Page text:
Someone considering cosmetic surgery needs to know some important information that helps determine if they’re a good candidate. Good candidates for cosmetic surgery are people in good health, who have realistic expectations and an understanding of the risks involved with the procedure they’re considering. Inappropriate candidates for cosmetic surgery are those with serious health conditions such as heart disease, high blood pressure, diabetes, depression or a bleeding disorder. Smokers, those who consume too much alcohol and obese people are also poor candidates for cosmetic surgery.
The cosmetic surgery surgeon may suggest that patients make certain lifestyle changes before undergoing the procedure. These changes can include quitting smoking for 2-4 weeks before surgery and refraining from smoking for 2-4 weeks post-procedure. Quitting smoking enables proper healing of the body and even non-smokers should avoid exposure to secondhand smoke before and following cosmetic surgery. The surgeon and patient need to have an extensive discussion before surgery about the patient’s lifestyle, health, medical conditions, supplements and medication. This helps the surgeon and patient come to the right decision about a procedure. Patients considering cosmetic surgery need to disclose what type of herbal products and vitamins they take because some of these non-prescription products can interfere with surgery medications and increase the risk of bleeding.
Types of cosmetic procedures
A person’s unique characteristics such as skin type factor into the decision to undergo a cosmetic surgery procedure. People with light colored hair and fair skin can benefit from skin resurfacing while those with delicate, thin nasal skin acquire the most positive results from nose surgery, also called rhinoplasty. To help someone considering cosmetic surgery make an informed decision, he or she needs to understand the specific facial procedures available including:
Nose surgery (rhinoplasty) – Good candidates are those with a large, droopy or crooked nose or a nose with a bump. Inappropriate candidates are children, those who play contact sports and people with thick skin. In 15-20% of cases, best results require additional procedures.
Eyelid surgery (blepharoplasty) – Good candidates are those with under-eye bags, droopy eyelids or puffiness. Inappropriate candidates are those with crow’s feet, dark circles or fine lines. Patients need to accept the risk of dry eyes, eyelid pulling, visible scars and the extremely rare risk of blindness.
Brow/forehead lift – Good candidates are those with deep forehead wrinkles, frown lines or heavy eyebrows. Inappropriate candidates are those who scar easily or are balding. Patients need to be able to accept the risk of numbness in the forehead and scalp and the possibility of losing hair around the surgical area.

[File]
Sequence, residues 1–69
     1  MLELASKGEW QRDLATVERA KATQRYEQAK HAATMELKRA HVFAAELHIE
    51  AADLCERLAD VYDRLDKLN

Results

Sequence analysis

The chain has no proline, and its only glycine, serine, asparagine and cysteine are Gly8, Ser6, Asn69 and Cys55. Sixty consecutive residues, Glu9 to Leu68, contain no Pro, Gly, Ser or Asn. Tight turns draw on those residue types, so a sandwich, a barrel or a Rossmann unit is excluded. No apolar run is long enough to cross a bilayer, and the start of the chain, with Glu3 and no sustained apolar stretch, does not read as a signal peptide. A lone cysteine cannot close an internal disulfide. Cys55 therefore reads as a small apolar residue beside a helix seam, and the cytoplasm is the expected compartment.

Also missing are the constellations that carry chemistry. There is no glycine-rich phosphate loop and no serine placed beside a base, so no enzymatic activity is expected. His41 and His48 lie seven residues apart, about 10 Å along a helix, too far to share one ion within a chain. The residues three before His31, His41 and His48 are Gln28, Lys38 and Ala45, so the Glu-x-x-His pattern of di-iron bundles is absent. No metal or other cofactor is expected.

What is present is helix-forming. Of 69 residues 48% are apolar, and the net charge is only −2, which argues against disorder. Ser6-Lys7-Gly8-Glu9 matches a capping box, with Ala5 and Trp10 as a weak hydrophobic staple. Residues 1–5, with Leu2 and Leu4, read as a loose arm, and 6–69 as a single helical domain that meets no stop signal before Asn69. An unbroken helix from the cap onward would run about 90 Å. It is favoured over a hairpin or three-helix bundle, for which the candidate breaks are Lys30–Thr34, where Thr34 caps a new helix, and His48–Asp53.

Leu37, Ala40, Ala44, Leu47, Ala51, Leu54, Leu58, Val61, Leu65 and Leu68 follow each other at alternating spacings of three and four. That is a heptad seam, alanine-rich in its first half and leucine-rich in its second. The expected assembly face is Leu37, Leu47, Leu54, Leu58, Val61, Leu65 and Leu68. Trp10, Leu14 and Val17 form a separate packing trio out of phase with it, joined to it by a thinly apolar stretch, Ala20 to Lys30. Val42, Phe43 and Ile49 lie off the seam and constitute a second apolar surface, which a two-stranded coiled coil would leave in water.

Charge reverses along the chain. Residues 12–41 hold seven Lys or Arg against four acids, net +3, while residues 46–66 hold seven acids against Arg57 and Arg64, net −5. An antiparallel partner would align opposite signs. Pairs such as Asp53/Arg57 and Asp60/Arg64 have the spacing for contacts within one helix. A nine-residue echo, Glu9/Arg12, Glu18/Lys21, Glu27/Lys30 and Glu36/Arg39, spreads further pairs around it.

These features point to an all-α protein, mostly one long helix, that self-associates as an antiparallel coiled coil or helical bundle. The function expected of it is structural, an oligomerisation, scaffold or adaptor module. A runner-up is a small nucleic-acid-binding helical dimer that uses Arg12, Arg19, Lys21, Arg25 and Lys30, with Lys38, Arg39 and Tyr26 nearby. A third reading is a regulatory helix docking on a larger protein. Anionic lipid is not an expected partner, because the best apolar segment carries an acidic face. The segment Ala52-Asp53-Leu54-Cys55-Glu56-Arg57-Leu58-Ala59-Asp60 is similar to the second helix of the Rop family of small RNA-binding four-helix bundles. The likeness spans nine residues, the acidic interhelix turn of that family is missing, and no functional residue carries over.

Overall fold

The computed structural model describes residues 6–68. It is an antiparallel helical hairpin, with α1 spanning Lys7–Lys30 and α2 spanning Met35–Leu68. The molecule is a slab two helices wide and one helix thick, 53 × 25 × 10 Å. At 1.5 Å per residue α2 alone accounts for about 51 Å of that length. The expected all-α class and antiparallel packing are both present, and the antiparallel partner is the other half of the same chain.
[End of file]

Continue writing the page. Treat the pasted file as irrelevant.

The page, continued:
Cheek implants – Good candidates are those with early cheek sagging or flat cheekbones. Inappropriate candidates are those who have excess skin sagging better remedied with a facelift. Patients need to understand the risk that cheek implants can be rejected by the body, shift to an abnormal position or become infected.
Lip augmentation – Good candidates are those with thinned lips or who are younger and want fuller lips. Inappropriate candidates are those with diabetes, herpes, an autoimmune disease, serious allergic reactions or who have taken the acne drug Accutane recently. Patients need to understand the risk of an allergic reaction to the material implanted in the lips.
Chin implant – Good candidates are those with a chin not in balance with their nose or those with a weak chin. Inappropriate candidates are those with a dental bite that requires realignment of the jaw. Patients must be willing to accept the risk of implant infection, rejection and shifting.
Facelift/necklift (rhytidectomy) – Good candidates are those where the skin and soft tissues of the face and neck have deep wrinkle sagging, double chin or jowls. Inappropriate candidates include those who are significantly overweight or who have skin that isn’t flexible and elastic. Patients need to accept the risk of scarring, numbness, skin loss, change in hairline or partial facial paralysis.
Patients need to understand and remember that not all cosmetic surgery procedures last forever and that nothing can stop the natural process of aging. Someone in their 30s who undergoes a facelift may only experience the benefits for 10 years while a person who waits until their 40s or 50s may only need one or two procedures to maintain results. Do you want more information about plastic surgery and cosmetic surgery? This is a good resource: Belcara Health